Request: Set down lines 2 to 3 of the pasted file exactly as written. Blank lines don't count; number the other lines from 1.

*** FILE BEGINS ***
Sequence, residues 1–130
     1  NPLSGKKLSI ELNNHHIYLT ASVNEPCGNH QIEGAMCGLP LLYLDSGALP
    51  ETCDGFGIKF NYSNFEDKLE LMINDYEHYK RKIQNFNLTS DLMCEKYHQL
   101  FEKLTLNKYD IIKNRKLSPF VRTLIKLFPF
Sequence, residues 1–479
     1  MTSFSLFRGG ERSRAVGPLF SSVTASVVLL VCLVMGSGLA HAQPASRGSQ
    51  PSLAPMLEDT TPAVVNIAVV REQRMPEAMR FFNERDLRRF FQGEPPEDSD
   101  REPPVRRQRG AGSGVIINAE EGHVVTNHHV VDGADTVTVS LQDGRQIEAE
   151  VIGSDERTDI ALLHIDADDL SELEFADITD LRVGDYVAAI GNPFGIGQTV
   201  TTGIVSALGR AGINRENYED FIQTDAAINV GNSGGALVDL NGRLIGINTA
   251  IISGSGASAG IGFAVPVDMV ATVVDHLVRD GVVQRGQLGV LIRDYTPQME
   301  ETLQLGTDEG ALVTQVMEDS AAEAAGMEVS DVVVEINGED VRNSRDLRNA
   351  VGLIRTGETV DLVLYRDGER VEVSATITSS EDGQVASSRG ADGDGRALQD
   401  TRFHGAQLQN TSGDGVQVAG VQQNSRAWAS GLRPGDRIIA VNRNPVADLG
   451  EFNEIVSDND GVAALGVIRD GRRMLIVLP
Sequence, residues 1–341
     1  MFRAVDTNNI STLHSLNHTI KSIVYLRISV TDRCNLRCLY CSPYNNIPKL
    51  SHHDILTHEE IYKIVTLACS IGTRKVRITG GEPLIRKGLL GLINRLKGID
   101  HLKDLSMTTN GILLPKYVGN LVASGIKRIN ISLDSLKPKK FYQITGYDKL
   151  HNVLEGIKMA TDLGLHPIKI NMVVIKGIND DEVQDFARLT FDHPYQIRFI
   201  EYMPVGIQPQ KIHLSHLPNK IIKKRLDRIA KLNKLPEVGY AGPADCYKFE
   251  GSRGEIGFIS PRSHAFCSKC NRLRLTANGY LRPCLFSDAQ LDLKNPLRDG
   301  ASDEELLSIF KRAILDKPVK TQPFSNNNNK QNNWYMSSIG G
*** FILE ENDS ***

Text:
     1  NPLSGKKLSI ELNNHHIYLT ASVNEPCGNH QIEGAMCGLP LLYLDSGALP
    51  ETCDGFGIKF NYSNFEDKLE LMINDYEHYK RKIQNFNLTS DLMCEKYHQL